A systematic review and meta-analysis [2, 3] was subsequently conducted by Dr Lawrie and a team of experts. Twenty-one RCTs involving 2741 participants met review inclusion, according to strict criteria, and subsequent meta-analysis of 13 trials found that ivermectin reduced risk of death (compared to no ivermectin) with an average Risk Ratio 0.32  [ 95% confidence interval (CI) 0.14 to 0.72; n=1892; I2=57% ] with “low- to moderate-certainty.” Low certainty evidence found ivermectin prophylaxis reduced the risk of covid-19 infection by an average of 86% [95% CI 79% to 91%]. Adverse events were rare and usually attributable to other adjunct medications. 

In practical terms, this means that ivermectin reduces the risk of death from covid-19 to about one-third of the risk of death without using this medication. In the long run, of every nine patients who would otherwise die from covid-19, six can now be saved by using ivermectin. Similarly the risk of contracting covid-19 is reduced to one-seventh of the risk faced by other healthy people with similar exposure, when using ivermectin as prophylaxis. For every seven people who would catch covid-19 from an infected person, only one is likely to catch the illness, when using ivermectin.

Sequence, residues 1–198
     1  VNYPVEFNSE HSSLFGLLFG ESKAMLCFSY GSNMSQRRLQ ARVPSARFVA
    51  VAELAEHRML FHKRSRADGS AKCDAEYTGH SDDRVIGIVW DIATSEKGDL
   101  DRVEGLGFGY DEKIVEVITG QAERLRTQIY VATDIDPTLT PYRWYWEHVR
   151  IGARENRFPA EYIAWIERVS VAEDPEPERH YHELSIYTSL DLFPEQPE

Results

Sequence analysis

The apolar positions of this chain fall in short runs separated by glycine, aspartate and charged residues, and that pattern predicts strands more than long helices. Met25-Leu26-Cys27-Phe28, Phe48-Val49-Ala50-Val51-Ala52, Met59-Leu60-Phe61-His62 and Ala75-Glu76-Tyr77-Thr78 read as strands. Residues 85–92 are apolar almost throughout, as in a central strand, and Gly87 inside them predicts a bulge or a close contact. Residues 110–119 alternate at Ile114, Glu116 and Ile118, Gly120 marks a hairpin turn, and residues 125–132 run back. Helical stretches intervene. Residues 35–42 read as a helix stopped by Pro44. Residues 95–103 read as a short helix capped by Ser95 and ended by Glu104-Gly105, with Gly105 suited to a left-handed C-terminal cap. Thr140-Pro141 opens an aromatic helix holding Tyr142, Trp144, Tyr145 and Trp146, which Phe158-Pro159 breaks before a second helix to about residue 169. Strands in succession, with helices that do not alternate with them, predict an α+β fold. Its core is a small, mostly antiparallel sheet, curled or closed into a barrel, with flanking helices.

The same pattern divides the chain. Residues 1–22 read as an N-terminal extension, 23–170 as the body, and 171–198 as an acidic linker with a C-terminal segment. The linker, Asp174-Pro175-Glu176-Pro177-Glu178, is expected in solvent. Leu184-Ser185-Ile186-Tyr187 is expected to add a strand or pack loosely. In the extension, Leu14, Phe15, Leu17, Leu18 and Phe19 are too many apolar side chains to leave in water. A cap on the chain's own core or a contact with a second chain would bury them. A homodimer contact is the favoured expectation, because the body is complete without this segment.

To our knowledge, in addition to the narrative review of Kory et al. [9, 10] and the rigorous meta-analysis of Bryant et al [2,3] , three  other systematic reviews have so far been conducted viz.: Hill et al [11] (commissioned by the WHO); Castañeda-Sabogal et al [12]; and Nardelli et al [13]. That of Nardelli is brief, but consistent with our own. Hence, of the five reviews to date, only Castañeda-Sabogal is negative, and in methodological assessment against the AMSTAR 2 criteria [15] scores very poorly, as does that of Hill [11, 2, 3]. Hill et al nevertheless report a 75% reduction in mortality, whilst inconsistently opining that the “results are insufficient for review by regulatory authorities.”  This is not a conclusion that follows from the evidence.